Build a Windows 10 PC for $495 (gallery)
Let's start with the brain of the PC — the processor. I'm not interested in Intel vs. AMD fanboy wars here and just want a good quality part at a reasonable price. I've chosen here the AMD A10-7870K quad-core 3.9GHz part.
Since this is an APU I'm getting both the CPU and GPU in a single package, and getting both at a very low price.
The cooler that comes with this package isn't the best, and combine that with the fact that AMD silicon seems to run hotter than Intel's, if you're going to push this hard you might want to consider an aftermarket cooler. That said, AMD assures me that the cooler is up to the job, so if you don't mind seeing the temperature spike, it shouldn't be a problem.
The APU I've chosen needs a Socket FM2 compatible motherboard, and that means we have dozens of good boards to choose from.
Since we've chosen a budget processor, it makes sense not to overspend on the motherboard too, and with that in mind I've gone for the ASUS A88XM-E FM2+ AMD A88X board. Not only is this board fully compatible with the APU, it is compatible with Socket FM2+ parts as well, giving you room for future upgrades.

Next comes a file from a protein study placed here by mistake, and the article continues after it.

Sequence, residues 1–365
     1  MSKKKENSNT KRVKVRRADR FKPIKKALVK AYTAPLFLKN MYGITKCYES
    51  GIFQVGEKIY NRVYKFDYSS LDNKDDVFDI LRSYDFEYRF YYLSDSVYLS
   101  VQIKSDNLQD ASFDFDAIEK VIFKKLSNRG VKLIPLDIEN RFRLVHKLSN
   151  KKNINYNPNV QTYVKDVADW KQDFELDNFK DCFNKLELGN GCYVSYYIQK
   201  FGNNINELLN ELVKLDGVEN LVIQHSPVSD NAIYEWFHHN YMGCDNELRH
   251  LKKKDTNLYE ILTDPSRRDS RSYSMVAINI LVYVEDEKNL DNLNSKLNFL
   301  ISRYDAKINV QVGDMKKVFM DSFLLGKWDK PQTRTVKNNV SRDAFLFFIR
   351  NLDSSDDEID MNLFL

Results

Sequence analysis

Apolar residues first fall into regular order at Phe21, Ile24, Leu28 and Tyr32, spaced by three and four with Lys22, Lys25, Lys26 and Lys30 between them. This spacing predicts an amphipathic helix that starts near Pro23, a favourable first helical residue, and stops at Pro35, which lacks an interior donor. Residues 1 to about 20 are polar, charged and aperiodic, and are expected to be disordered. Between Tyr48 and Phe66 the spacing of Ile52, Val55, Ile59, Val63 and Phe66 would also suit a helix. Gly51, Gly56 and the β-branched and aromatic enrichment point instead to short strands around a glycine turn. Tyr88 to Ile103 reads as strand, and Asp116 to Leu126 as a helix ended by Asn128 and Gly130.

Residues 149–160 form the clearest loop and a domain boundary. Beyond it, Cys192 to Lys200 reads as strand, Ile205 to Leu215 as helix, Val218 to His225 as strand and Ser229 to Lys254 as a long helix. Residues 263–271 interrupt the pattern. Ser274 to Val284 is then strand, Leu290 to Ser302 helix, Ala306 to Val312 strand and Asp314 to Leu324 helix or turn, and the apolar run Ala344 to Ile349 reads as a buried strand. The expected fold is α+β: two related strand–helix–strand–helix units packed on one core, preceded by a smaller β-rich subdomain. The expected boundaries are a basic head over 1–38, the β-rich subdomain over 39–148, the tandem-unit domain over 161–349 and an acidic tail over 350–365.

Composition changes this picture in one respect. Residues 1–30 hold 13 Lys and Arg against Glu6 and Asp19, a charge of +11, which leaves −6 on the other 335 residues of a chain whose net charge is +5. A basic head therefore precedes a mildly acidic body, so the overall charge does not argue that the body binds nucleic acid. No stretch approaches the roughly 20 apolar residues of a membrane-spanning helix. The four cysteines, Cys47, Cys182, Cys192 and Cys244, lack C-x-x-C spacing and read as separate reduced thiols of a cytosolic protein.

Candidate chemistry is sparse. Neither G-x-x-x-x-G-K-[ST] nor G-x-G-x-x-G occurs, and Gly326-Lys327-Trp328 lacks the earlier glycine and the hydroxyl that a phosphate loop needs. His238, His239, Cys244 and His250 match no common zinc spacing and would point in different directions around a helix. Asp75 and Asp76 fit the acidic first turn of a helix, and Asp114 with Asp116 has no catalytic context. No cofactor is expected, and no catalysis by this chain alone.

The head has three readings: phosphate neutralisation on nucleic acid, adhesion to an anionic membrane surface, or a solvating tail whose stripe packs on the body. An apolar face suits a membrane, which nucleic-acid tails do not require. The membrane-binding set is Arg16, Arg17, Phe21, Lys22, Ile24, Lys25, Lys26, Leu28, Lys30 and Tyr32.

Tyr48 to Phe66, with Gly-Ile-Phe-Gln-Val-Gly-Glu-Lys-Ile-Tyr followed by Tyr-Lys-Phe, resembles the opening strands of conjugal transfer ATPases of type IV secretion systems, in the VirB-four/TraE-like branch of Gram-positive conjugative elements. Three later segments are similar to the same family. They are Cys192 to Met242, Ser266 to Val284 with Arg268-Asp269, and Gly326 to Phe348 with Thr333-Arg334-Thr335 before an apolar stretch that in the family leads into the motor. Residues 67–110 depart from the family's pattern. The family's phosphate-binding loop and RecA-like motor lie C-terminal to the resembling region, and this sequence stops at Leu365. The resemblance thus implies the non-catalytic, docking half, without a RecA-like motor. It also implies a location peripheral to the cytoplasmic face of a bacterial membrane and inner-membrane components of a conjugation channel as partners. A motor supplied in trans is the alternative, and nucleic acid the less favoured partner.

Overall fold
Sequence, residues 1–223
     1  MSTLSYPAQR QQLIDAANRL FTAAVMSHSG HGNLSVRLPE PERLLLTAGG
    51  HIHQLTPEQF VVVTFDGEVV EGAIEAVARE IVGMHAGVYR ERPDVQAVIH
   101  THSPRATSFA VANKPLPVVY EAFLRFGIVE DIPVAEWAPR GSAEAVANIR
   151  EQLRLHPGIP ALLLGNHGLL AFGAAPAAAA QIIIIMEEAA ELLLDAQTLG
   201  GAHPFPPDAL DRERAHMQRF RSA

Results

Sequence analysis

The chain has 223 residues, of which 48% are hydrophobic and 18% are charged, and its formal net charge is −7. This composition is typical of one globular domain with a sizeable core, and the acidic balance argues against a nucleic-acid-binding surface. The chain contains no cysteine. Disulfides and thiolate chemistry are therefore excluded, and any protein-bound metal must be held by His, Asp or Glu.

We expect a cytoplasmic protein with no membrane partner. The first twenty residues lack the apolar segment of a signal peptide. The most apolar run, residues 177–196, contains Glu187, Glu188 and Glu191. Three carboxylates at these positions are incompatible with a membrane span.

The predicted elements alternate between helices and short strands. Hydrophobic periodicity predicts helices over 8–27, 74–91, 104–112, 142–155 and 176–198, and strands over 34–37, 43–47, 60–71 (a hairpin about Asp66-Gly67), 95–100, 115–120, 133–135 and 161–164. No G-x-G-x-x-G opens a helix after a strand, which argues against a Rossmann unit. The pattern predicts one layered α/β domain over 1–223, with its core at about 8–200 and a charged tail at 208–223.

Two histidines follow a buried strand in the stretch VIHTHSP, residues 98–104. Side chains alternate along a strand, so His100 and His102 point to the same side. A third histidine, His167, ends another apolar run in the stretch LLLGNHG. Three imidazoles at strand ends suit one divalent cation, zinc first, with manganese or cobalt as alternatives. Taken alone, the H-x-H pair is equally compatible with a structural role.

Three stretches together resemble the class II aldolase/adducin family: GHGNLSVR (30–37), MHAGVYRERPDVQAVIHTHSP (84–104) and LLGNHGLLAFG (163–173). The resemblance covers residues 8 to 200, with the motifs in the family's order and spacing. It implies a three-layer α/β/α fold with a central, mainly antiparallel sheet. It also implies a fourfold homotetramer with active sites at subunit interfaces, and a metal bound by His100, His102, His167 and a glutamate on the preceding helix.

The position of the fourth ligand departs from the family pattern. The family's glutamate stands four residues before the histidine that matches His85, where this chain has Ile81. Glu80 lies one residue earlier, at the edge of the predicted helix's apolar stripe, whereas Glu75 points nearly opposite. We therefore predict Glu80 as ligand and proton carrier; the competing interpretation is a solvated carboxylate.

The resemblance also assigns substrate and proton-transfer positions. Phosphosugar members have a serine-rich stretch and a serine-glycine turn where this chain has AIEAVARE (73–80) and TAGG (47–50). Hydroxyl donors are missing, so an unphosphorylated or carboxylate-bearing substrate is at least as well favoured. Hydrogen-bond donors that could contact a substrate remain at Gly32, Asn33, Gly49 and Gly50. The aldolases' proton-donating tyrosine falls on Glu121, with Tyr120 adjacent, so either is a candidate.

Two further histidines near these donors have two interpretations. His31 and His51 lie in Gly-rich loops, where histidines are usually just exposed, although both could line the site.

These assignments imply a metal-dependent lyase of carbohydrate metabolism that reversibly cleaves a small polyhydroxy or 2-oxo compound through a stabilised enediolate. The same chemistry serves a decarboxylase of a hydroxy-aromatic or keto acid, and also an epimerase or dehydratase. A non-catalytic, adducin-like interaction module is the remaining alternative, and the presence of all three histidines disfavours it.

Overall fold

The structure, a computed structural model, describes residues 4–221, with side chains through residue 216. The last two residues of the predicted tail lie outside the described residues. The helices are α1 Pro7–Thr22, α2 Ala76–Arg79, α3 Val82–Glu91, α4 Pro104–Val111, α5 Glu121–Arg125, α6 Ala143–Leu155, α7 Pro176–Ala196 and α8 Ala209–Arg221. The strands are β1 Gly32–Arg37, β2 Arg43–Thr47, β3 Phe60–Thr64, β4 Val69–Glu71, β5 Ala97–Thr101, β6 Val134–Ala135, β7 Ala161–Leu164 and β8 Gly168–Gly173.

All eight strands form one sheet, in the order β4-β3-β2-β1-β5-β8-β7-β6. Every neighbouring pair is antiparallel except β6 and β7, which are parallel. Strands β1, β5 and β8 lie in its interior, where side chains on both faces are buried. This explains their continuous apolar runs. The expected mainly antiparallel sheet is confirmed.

The board gives you UEFI support and USB 3.0 ports (four in all, along with another 6 USB 2.0 ports).
Some basic RAM – CORSAIR Vengeance LP 8GB (2 x 4GB) 240-Pin DDR3 SDRAM DDR3 1600
It's strange to think that 1TB drives are pretty much the new sweet spot when buying storage. And since they come in well under $100, it makes sense to use one.
I've gone for the Western Digital WD Blue WD10EZEX. A no-nonsense 7,2000 RPM SATA drive with 64MB of cache.
The PC now needs power, and this is the point to be careful, because not only can you overspend on PSUs, underspending means that you'll probably be replacing it within a year.
I prefer to stick with a good brand, and have gone for the Thermaltake TR2 TR-500, a 500W unit capable of powering everything in your PC with plenty of overhead for any upgrades.
The case is where things get personal. Some people like fancy cases, while others prefer a minimal approach. Some like a big case, others want something small. Me, I'm happy as long as I can get my hands into it, and the sharp edges that invariably slice my flesh are kept to a minimum.
I'm going for a Rosewill FBM-01 case for this build. It's cheap and reasonably well made, and holds all the parts. It also has a couple of fans to keep the air moving.
Windows 10 Home
Oh, and finally the operating system. Processor aside, this is the second most expensive part of the build.